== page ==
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A Positive Approach to Parenting: Playful Parenting: A Bold New Way to Nurture Close Connections, Solve Behavior Problems, and Encourage Children's Confidence by Lawrence J. Cohen. Ballantine Books. 320p. $23.95

by Jennifer M. Paquette

NOTE: This review has been changed substantially from the version I submitted. Some of the changes were warranted; others, I felt, were editorially intrusive. Original draft is available on request for comparison purposes.

Before reading Lawrence J. Cohen's new parenting manual, I was not sure that his advice and suggestions would jibe with my own sensibility--a sensibility informed by traditional Judaism--that children should treat their parents with dignity and honor.

But then I started reading and was quickly reassured. Rather than simply advocating "anything goes," Cohen, a clinical psychologist and parent, offers ways to teach children respect, as the title suggests, in a playful manner. Although, as Cohen recommends, I can't imagine calling my kids "poopyheads" or excusing their chutzpah, more often than not I found myself agreeing with him.

Cohen begins with the importance of play. He makes his point by asking the reader to envision a child's emotional "cup"--an image that represents emotional attachment. Even well-adjusted kids will have "leaks" or "spills," looking to parents for refills.

To that end, Cohen offers numerous examples of interacting with children at difficult moments. However, because of his clinical experience with children who are withdrawn or suffer serious emotional problems, some of the scenes he conveys are more extreme than the average reader may experience with his or her own children. Cohen also states the obvious, asserting that emotional refills of a child's cup "can occur only between humans--not between a child and a …computer, no matter how 'interactive.'"

Despite the title, this book isn't entirely fun to read. Cohen can't decide who his audience is--parents or psychologists--bringing in statistics and details from primate studies, that hold little interest to the former group.

Yet I found myself applying some of Cohen's theories as I interacted with my own children. My clingy, shy five-year-old daughter requires constant "refilling," an action that will hopefully plug any "leaks," and in the process build her self-esteem. On the other hand, my boisterous, independent son, who is seven, is too busy to stop for a refill--so he may eventually run on empty.

Cohen's solutions to some of the situations he poses are often grounded in a hypothetical universe in which one-on-one time with each kid is the rule. Yet in a single parent's world, it's almost impossible to make that happen. Cohen also discusses sibling issues, helping a parent to recognize the warning signs that a fight is turning dangerous. One of his solutions is to institute separate playtime for each child, something which isn't always an option. It would have been more useful for him to delve into handling the inevitable clashes that occur in larger families.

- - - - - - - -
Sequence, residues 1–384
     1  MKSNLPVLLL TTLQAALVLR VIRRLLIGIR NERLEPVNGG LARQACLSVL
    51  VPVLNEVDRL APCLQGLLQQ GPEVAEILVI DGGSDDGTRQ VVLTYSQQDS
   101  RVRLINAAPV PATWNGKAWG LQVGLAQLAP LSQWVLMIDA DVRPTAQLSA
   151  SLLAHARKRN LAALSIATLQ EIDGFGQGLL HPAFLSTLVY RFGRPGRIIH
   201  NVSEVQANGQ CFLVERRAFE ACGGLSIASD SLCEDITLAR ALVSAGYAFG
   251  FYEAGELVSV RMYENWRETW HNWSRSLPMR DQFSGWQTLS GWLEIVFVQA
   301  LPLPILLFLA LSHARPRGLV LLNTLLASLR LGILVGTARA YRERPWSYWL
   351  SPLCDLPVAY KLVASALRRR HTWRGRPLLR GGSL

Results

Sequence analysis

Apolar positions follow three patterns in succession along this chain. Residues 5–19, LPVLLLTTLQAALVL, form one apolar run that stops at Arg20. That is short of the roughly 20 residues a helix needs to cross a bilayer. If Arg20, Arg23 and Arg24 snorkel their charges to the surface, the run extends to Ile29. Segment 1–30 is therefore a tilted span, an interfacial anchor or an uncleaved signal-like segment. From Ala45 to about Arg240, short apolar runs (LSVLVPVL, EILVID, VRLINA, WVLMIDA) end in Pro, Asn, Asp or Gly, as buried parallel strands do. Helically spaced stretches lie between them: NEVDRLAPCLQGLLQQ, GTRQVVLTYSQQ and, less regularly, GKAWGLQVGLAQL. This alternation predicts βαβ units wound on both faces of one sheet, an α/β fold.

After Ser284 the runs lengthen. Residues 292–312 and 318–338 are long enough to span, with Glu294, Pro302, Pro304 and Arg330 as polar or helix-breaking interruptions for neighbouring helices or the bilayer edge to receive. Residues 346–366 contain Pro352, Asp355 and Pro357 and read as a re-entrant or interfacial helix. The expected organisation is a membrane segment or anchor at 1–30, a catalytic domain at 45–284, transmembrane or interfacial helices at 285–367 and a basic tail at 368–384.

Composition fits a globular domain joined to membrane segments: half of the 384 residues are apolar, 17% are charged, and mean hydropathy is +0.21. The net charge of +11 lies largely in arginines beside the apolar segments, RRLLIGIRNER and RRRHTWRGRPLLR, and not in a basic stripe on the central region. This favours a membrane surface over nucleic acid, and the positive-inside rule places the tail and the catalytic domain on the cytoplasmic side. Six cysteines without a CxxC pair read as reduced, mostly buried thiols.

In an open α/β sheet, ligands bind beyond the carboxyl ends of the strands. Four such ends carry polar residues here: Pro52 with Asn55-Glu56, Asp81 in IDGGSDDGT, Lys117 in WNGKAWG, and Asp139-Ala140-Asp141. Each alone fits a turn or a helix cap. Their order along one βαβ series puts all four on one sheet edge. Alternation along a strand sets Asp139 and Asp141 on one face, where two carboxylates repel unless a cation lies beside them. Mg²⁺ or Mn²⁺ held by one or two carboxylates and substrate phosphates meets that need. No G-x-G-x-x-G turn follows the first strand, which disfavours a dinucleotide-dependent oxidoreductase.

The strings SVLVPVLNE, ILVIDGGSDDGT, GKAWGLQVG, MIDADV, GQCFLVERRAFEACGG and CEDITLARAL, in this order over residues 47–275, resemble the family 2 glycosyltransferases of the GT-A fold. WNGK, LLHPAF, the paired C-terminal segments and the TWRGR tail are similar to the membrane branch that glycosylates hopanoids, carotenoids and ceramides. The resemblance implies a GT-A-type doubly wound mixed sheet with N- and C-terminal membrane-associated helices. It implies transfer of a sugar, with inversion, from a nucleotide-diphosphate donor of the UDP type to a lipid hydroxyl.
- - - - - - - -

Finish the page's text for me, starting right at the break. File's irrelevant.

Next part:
Another omission is a more thorough examination of pre-teen and teenage behavior. When he does focus on this group, his advice is bizarre. For example, he suggests letting them know that you are chewing gum that they have already chewed, or standing in front of the television dressed in their clothes to get attention. It takes a lot more than displaying this kind of eccentric behavior to build strong connections with teens.

Cohen's psychological insight does shine through in his outstanding hands-on descriptions of activities such as word games, staring contests, and more. The chapter on wrestling alone, is worth the price of the book. Like many mothers, I've never thought of myself as a "physical" parent. But since my son first toddled, I've searched for a way to connect with him on his turf, and Cohen demonstrates how physical connection can overcome emotional distance.

Cohen is also best when he shows how to transform negative situations into positive ones. I decided to try one of his strategies when my son through a tantrum at a picnic. He discovered avocado on his sandwich, and started complaining. I responded that he had ordered the sandwich, he'd had it that way before, and anyway, he loved avocado. Predictably, he got mad, kicking me and his sister and tossing leaves into our food.

Normally, I would have tried to stop him and then had a bigger battle on my hands. Instead, taking Cohen's advice, I did the first silly thing that came to mind. I grabbed a handful of dry leaves and crumpled them. "Oh, no!" I shouted. "These look like ordinary leaves, but if I crush them they turn into sneezing powder!" Then I tossed the leaves in the air and sneezed frantically.

None of us expected this. My son stopped and stared; my daughter started to fake sneeze. After some giggles, my son went off to gather more leaves for "sneezing powder." Eventually, he returned, we played, and then--miracle of miracles--he ate his sandwich without complaint.

Like most parents, I want my kids to like me. But I'm not willing to be lenient simply to impress them. Yet I shudder to think what I must sound like when I have to discipline them. After reading Playful ParentingI have a few strategies for defusing difficult situations, and--even better--a more positive approach to parenting.


Jennifer M. Paquette lives in Toronto with her two children. Her articles have appeared in Jewish Action, Horizons, and the Canadian Jewish News, and The Guide to Interfaith Jewish Family Life, available from JFL at http://www.jflbooks.com/iffguide.html

 


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